He is a particularly generous leader who genuinely trusts his staff and is not afraid of having some fun at work. He often told us to push our initiatives even further than we had suggested to him: he encouraged us to “push it over the edge”, unlocking our imagination and giving us the freedom to experiment and truly innovate.

His has been a very humane and consultative style of leadership and he is respected as a sound decision maker, but a fair, honest and open judge. Alex is passionately committed to equity, accessibility, fairness for all and an open form of management.

We will miss his intellect, wit and wisdom in so many fields but all of his colleagues in the Library wish him the very best as State Librarian for NSW.

23 June 2011

On Trust

Mal Booth
Image credit: Paul Hagon on Flickr

I meet with design thinkers, services designers and social innovators every week and we are starting to get them to help us prepare our library for its exciting future model. The model is fueled by the implementation of new technologies like ASRS and RFID, but we also realise that we need to change as an organisation and develop a new service model that fully realises the potential offered by these technologies. We are starting small and our first project to be facilitated by one of these designers (Grant Young from Zumio) will be an in house sustainability initiative. More on that when it gets going.

So Grant tweets the other day about a book he was given. Being the nosey parker that I am, I quickly looked it up on our catalogue and found that we had it here, so now I'm reading it too: Tim Brown's Change by Design. It is an easy read, using story-telling to get across the experience of some case studies, and a couple of things have struck me as particularly relevant so far. One was all about trust in a section of the first chapter called cultures of innovation. Here is the quote and now you'll see why I used the above image from a talk I did way back in 2009:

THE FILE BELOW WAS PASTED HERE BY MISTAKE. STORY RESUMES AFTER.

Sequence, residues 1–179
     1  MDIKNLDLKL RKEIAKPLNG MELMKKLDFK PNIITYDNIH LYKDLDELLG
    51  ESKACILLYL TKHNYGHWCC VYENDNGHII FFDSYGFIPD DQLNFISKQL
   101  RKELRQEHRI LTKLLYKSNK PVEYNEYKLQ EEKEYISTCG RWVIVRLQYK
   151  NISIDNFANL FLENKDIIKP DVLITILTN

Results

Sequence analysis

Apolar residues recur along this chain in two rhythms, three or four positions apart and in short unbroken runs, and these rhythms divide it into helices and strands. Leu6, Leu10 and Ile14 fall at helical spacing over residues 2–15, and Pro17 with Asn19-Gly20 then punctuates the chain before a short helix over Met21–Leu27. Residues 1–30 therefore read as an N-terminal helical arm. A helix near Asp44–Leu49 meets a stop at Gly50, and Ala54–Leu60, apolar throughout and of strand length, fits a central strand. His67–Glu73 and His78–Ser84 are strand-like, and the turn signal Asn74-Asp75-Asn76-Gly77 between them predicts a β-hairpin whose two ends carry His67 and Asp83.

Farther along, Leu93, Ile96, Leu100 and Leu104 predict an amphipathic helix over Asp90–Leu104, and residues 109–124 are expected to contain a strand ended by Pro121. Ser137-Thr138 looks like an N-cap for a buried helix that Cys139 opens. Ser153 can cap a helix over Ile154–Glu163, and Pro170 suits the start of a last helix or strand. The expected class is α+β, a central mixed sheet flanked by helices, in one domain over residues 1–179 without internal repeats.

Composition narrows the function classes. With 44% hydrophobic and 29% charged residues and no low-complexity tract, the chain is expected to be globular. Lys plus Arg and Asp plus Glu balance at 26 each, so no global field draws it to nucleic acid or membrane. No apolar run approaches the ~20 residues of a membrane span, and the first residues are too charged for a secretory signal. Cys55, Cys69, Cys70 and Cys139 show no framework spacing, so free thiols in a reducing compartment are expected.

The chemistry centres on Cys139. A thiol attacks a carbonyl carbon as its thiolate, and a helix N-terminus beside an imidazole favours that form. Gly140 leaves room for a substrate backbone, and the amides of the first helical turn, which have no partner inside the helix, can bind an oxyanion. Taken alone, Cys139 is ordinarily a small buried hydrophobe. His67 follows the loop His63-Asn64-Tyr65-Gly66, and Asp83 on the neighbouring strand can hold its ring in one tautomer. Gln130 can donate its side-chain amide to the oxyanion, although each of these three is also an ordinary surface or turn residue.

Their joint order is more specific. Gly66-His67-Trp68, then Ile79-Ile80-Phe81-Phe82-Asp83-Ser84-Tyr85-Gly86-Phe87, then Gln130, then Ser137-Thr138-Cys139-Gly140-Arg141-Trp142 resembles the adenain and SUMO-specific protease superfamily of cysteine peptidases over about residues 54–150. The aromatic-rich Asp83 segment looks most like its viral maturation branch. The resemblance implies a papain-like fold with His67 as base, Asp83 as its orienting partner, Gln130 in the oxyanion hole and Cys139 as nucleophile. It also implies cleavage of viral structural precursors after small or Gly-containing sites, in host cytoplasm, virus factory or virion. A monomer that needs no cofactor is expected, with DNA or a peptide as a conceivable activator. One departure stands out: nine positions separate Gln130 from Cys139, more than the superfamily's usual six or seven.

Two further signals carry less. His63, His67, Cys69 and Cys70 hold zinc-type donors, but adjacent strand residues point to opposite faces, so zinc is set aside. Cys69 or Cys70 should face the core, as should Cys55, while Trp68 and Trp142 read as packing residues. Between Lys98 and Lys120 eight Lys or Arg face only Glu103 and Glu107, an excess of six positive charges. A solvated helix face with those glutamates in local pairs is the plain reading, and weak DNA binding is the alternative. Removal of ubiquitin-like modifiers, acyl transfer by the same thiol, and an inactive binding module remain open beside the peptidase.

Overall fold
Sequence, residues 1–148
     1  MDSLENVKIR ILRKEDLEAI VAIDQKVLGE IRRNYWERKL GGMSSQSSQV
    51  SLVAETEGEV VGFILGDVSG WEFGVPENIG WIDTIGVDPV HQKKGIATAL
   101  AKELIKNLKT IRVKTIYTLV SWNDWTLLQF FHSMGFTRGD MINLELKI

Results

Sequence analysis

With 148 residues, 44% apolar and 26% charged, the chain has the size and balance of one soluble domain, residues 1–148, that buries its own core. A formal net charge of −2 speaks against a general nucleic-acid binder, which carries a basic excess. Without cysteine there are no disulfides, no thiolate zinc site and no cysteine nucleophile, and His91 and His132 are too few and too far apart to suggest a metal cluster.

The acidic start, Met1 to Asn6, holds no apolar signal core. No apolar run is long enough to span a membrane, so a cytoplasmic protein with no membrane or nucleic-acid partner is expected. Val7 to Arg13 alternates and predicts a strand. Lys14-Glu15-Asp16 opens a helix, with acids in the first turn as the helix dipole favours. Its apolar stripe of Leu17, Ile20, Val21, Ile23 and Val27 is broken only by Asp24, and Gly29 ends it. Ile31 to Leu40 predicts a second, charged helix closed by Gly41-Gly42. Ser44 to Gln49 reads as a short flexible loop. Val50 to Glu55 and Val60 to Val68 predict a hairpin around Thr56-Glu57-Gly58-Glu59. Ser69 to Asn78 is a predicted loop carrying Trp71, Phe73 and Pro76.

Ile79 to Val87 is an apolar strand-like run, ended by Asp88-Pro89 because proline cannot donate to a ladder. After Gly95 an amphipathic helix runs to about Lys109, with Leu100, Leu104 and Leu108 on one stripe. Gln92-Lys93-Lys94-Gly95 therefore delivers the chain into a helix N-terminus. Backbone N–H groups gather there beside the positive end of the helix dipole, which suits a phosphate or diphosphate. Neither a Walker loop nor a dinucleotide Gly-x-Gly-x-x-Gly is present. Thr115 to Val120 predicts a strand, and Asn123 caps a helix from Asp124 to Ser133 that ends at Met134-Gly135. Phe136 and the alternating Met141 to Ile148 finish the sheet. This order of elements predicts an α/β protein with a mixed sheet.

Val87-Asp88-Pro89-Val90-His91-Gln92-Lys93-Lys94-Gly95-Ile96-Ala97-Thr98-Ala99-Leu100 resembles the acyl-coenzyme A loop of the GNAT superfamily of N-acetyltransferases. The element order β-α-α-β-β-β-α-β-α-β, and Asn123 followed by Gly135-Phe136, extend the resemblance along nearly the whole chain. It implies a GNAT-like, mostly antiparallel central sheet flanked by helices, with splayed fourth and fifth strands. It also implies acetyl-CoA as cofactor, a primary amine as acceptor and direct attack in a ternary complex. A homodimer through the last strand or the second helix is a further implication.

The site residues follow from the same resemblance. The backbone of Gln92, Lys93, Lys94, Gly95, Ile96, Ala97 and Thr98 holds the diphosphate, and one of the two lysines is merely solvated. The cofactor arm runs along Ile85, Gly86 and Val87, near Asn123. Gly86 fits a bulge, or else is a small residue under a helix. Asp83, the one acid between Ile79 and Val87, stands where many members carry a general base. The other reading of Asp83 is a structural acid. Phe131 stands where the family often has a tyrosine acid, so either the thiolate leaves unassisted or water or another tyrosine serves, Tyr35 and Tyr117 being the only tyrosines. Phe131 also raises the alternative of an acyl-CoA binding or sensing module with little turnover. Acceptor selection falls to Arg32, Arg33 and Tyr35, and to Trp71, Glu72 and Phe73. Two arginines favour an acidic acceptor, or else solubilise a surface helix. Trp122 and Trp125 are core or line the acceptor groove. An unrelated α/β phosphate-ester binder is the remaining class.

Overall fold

A culture that believes it is better to ask forgiveness afterward rather than permission before, that rewards people for success but gives them permission to fail, has removed one of the main obstacles to the formation of new ideas.
At UTS I've been lucky enough to work for Dr Alex Byrne for over two years now. That is exactly how he operates and I've enjoyed that culture and tried hard to encourage my unit to work together in the same manner. If you work somewhere that doesn't even allow you to speak up before checking with your boss first or if that is how you manage your own organisation, then something is seriously wrong with that picture.

20 June 2011

Loon Lake

Another surprise on Saturday night was the support act to Red Riders: Loon Lake. These guys are unreal. They had us from their first song. Three of them are brothers and they obviously really enjoy playing together. They're fantastic!
I downloaded their new EP Not Just Friends from iTunes Store almost as soon as I got home. It features their single In the Summer that is getting some airplay on Triple J now.

19 June 2011

The Middle East & Red Riders

I had a big weekend of music. It started with The Middle East at the Metro on Friday night and finished with Red Riders' last ever concert at the Oxford Art Factory (video above of Ordinary from that performance) on Saturday night. Both events were fantastic and well worth the money.